BROWNSVILLE -- The controversial price hike of the life-saving EpiPen has outraged many families who cannot afford to buy it. Now some families are daring to go into dangerous Mexico to find an alternative to the expensive device.
A dose of epinephrine, or adrenaline, can either save a life or cause a death, and its cost can have the same result.
Dr. Noel Rodriguez is an allergist practicing in Mexico, where EpiPens don’t exist. Epinephrine cannot be found in pharmacies there. Rather, they are given by the doctor in vials along with a syringe for patients to take home.
“I don’t understand why it’s so expensive,” he said. “In 15 to 20 minutes, a person dies if he doesn’t get the epinephrine.”
About 4 out of 10 of Dr. Rodriguez’s patients are Americans seeking an alternative to the costly EpiPen, the cost of which has nearly tripled in price over the summer.
He says that he gives vials of epinephrine at no additional cost to the treatment. A visit to Dr. Rodriguez comes out to about $50 USD. Pharmaceuticals sell him vials at $2 USD a piece compared to $600 USD for a pack of two EpiPens.
The American price is not an option for Liliana Quintero, who lives three miles from the clinic on the U.S. side. She’s uninsured and, despite the drug violence in neighboring Matamoros, she began seeing Dr. Rodriguez after she had a severe allergic reaction to an ant bite.
“I have to go to Mexico,” she said. “Even though nothing has ever happened to me, I’m still afraid. But at least it is near the bridge.”
Rita Gonzales lives in Edinburg, west of Brownsville. She recently moved to the border with her family. Her son A.J. suffers from a severe case of nut and shellfish allergies. At age 6, he’s already had two close calls. That is why he has learned from early on how to do everything he can to avoid having to resort to a costly EpiPen.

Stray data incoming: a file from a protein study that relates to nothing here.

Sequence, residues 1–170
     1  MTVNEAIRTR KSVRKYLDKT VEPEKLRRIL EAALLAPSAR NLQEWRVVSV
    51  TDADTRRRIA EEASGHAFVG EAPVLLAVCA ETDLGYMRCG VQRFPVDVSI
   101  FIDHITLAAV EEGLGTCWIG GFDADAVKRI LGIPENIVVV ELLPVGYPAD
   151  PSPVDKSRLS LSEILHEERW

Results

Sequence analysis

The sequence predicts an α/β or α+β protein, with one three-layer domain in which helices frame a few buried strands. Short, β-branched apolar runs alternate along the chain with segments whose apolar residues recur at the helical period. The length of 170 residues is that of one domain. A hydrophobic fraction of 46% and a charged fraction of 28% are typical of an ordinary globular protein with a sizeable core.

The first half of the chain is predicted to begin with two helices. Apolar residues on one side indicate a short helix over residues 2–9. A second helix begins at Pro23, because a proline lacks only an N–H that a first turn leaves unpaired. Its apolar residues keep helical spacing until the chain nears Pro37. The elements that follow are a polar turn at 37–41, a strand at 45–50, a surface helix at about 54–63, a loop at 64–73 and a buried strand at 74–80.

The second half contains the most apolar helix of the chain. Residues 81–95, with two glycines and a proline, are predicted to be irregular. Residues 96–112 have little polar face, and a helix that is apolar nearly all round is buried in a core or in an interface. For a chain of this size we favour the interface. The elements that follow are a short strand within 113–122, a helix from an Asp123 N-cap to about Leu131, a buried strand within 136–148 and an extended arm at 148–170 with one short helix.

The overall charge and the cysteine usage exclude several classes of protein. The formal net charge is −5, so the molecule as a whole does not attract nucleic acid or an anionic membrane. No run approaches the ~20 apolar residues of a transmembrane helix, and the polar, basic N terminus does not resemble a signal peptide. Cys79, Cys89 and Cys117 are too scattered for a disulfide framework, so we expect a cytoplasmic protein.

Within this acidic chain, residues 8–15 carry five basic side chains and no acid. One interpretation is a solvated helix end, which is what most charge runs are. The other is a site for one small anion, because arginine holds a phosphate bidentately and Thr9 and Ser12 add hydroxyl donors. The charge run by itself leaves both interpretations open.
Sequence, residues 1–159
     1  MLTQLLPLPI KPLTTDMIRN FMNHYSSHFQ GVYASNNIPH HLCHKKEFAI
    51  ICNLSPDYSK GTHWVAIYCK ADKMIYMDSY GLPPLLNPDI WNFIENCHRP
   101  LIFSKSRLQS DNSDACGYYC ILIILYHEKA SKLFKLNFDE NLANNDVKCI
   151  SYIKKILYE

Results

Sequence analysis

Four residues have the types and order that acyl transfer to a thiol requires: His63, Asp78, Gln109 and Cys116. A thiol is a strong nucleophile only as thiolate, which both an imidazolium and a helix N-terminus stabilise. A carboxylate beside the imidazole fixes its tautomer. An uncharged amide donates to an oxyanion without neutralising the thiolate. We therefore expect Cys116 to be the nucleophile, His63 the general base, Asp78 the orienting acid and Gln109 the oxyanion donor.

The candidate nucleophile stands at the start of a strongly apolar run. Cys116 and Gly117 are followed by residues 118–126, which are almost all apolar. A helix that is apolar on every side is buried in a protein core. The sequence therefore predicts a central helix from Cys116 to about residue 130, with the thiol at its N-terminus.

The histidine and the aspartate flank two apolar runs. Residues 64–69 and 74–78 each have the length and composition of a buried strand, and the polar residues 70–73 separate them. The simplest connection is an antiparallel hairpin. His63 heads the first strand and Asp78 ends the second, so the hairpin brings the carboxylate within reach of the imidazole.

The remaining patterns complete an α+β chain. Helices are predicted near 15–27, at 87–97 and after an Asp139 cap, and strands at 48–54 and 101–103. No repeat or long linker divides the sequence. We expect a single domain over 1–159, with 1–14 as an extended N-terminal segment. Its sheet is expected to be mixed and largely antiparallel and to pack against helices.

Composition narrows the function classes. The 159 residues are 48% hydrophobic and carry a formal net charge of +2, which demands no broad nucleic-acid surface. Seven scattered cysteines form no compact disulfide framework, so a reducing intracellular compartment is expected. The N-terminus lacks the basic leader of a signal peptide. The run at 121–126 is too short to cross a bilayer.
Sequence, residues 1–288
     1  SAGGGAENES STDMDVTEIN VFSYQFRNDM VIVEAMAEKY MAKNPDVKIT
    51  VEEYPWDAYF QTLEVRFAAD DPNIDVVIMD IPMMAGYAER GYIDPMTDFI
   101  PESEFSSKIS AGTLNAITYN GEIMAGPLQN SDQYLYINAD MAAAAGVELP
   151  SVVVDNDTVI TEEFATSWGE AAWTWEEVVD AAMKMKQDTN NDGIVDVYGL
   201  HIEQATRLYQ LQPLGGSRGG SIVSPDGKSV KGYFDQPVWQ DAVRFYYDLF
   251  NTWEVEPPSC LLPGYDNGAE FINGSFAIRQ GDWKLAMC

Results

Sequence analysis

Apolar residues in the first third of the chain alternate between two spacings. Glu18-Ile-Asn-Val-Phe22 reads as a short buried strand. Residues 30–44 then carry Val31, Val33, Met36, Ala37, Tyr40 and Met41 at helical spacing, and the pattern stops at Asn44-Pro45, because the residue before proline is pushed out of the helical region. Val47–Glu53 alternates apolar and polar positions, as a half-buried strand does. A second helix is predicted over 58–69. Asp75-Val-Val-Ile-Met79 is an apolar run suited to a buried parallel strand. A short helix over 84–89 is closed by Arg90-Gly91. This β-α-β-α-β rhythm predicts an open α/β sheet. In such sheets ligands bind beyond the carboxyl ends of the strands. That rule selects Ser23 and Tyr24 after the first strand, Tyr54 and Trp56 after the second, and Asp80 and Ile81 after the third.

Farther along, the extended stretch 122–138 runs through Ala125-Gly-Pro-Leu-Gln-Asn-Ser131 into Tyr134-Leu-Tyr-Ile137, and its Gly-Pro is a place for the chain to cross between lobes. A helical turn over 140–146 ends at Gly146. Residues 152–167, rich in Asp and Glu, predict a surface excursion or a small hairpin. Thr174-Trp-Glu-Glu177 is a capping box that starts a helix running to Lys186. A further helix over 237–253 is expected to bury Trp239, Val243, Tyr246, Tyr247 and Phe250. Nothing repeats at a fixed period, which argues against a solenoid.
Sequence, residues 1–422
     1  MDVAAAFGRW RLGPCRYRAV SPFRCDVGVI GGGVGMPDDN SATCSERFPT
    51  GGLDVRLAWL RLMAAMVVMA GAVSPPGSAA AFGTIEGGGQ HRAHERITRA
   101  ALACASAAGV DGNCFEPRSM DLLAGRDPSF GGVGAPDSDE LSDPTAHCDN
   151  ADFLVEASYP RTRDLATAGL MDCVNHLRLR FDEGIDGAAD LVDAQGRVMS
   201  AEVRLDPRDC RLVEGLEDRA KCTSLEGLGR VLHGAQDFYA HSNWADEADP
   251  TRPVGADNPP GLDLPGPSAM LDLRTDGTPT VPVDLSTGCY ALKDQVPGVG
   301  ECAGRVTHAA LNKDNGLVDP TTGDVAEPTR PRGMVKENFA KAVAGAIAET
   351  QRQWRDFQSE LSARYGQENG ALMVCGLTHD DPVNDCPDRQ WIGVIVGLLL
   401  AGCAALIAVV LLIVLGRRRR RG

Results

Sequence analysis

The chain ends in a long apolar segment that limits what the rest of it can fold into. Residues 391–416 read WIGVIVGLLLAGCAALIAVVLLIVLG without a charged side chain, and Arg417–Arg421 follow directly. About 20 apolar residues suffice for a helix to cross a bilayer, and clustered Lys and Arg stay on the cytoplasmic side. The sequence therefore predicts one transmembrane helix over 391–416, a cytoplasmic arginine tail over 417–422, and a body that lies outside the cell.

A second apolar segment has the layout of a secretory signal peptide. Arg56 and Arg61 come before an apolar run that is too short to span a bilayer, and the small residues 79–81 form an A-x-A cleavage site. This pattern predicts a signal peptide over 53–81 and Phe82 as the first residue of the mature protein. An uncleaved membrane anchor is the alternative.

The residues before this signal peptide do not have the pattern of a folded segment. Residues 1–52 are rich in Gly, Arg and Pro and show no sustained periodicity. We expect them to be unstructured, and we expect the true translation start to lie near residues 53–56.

“Because I’m not from here, I’m not totally comfortable going over the border, just when needed,” she said. “But as an option for the families that really need it, I think it’s a great thing. There needs to be affordable care for everybody and affordable medicines that are life-saving interventions.”
Rita says she was able to purchase four EpiPens a week before the price hike; medication that will expire within a year. She thinks that the vials are not a practical solution and hopes to find a good alternative in time.
“That’s startling that we have to go to that measure, to cross the border just to get a cheap medication,” she said.
Dr. Rodriguez says that a vial can also be obtained with your doctor in the United States. However, the cost depends on insurance coverage, but it is still not quite as expensive as the EpiPen.
As long as the cost of epinephrine continues to be out of reach for many families, Dr. Rodriguez anticipates more and more people like Quintero will feel compelled to cross the international bridge into Mexico to get treatment.
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